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Philippine Finance Secretary says disruptive technologies prompt rethinking of development banking

Philippine Finance Secretary says disruptive technologies prompt rethinking of development banking

According
to a recent
press release
by the Philippine Department of Finance, Finance Secretary
Carlos Dominguez III has called for the rethinking of development banking
strategies to make economies more inclusive amidst the rise of disruptive
digital technologies.

At a
Technology
for Inclusion
Conference held at the Asian Development Bank (ADB) in Manila,
Finance Secretary Dominguez noted that advances in
healthcare, education, communications and productivity that were principally
driven by the digital revolution helped improve the average life expectancy by
11 years and reduce infant and maternal mortality rates, along with building a
large middle class and rescuing hundreds of millions across Asia from absolute
poverty.

“We
are at the dawn of a utopia driven by digital technologies. Autonomous
vehicles, 3D printing and personalised medicine demand we alter the way we do
things. Obsolete businesses die like dinosaurs, except at an even faster pace.
New businesses will have to be imagined by the day,” said Finance Secretary Dominguez
in his remarks.

“The
pace of technology-driven change will likely quicken. It alters the terms of
our confederation. It instantly redefines the horizon. The challenge is to make
this fast-paced technology-dictated change work to make human association
better and our shared future brighter,” he said.

Yet,
according to Finance Secretary Dominguez, this revolution has only just begun.

“Cloud
computing, artificial intelligence and increasingly more powerful mobile
technologies will alter the way we live and the way our economies are
organized,” he added.

He
also named fintech as a “particularly dynamic area” that development banking
policymakers should look into as new digital tools like e-payment systems speed
up business transactions and make possible a more inclusive financial system.

Finance
Secretary Dominguez said new digital technologies, complemented by open
borders, free trade and increased connectivity will change the way wealth is
produced, shared and used. He emphasised that rather than fear the emerging
digital chaos, governments should aspire to make technology-driven economies
more inclusive.

Dominguez
said the discussions held at the conference make up only the beginning of more
dialogues that should be done with the acceptance that today’s institutions
must be reinvented lest they perish in this era of rapidly evolving
technologies.

ADB
deputy Chief Economist Juzhong Zhuang opened the Conference, which began with a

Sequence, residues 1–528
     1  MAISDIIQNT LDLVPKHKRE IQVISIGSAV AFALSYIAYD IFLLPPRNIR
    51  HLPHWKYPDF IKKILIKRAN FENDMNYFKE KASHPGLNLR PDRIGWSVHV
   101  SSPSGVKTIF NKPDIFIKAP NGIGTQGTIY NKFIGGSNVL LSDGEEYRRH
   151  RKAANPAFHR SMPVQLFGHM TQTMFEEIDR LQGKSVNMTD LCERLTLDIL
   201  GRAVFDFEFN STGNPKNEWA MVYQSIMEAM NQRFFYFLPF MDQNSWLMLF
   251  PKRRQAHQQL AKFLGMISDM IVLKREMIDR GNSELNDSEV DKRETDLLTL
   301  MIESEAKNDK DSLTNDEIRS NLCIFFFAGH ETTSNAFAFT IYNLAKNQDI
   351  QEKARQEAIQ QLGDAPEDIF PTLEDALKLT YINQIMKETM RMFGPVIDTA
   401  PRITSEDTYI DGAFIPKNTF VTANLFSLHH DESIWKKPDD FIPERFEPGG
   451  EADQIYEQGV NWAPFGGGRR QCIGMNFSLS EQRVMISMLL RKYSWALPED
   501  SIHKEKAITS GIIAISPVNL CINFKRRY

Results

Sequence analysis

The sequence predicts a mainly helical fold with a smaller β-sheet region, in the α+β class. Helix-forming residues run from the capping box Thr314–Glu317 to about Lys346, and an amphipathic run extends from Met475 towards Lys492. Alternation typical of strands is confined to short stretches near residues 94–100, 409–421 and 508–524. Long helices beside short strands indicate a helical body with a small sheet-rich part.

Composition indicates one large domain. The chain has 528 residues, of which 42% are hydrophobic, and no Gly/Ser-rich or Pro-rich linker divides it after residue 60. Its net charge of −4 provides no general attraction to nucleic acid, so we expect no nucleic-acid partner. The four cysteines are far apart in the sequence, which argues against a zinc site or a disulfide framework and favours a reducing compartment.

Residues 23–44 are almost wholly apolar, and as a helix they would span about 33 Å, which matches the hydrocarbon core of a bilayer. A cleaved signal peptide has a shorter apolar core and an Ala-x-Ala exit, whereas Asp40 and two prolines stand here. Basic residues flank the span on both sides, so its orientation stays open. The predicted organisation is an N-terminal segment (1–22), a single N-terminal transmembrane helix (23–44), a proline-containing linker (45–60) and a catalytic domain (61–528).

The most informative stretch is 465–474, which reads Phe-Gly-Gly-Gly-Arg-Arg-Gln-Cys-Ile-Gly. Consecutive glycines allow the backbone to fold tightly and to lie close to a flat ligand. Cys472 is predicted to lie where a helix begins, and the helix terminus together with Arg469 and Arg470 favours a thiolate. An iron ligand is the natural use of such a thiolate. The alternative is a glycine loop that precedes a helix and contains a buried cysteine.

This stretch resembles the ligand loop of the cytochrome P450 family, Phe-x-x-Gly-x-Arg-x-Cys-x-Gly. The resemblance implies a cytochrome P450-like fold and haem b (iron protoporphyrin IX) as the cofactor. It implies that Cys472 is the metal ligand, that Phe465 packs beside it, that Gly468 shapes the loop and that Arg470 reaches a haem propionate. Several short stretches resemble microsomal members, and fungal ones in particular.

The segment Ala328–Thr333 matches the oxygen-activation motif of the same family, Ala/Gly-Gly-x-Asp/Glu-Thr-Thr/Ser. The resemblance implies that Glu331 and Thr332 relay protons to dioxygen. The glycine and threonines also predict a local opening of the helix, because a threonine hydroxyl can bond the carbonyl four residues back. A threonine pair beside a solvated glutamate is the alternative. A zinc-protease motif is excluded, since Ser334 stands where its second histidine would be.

report on the highlights of the findings of the ADB’s Asian
Development Outlook 2018 Report on how technology affect jobs
.

According
to the report, despite growing concern that new technologies could cause
widespread job loss, optimism about developing Asia’s job prospects springs
from several observations:

(1)   
New technologies often automate only some tasks
of a job, not the whole job. ATMs, for example, have not replaced bank
tellers but broadened their role in customer relationship management.

(2)   
Job automation goes ahead only where it is both
technically and economically feasible. Both requirements tend to be met in
capital intensive manufacturing, where employment shares were already low
in 2015.

(3)   
Rising demand offsets
job displacement driven by automation. From 2005 to 2015, jobs created by rising
domestic demand more than compensated for job losses to technological advances.

(4)   
Technological change and economic growth create
new occupations and industries. Many new job titles have arisen in ICT, and new
types of jobs will arise in health care and education and in finance, insurance,
real estate, and other business services.

The
report also suggests that governments should respond to these challenges by
ensuring that workers are protected from the downside of new technologies and
able to harness the new opportunities they provide. Governments should also use
new technologies to improve education and skills development, as well as to
deliver public services. This will require coordinated action on skills
development, labour regulation, social protection, and income redistribution.

The
presentation of the Report’s findings was followed by a discussion on how new
technologies can be harnessed to create new jobs to replace the ones rendered
obsolete by artificial intelligence. Professor Reuben Ng of the Lee Kuan Yew School of Public Policy also
spoke on the role of government in ensuring a more inclusive digital revolution
during the final session of the conference.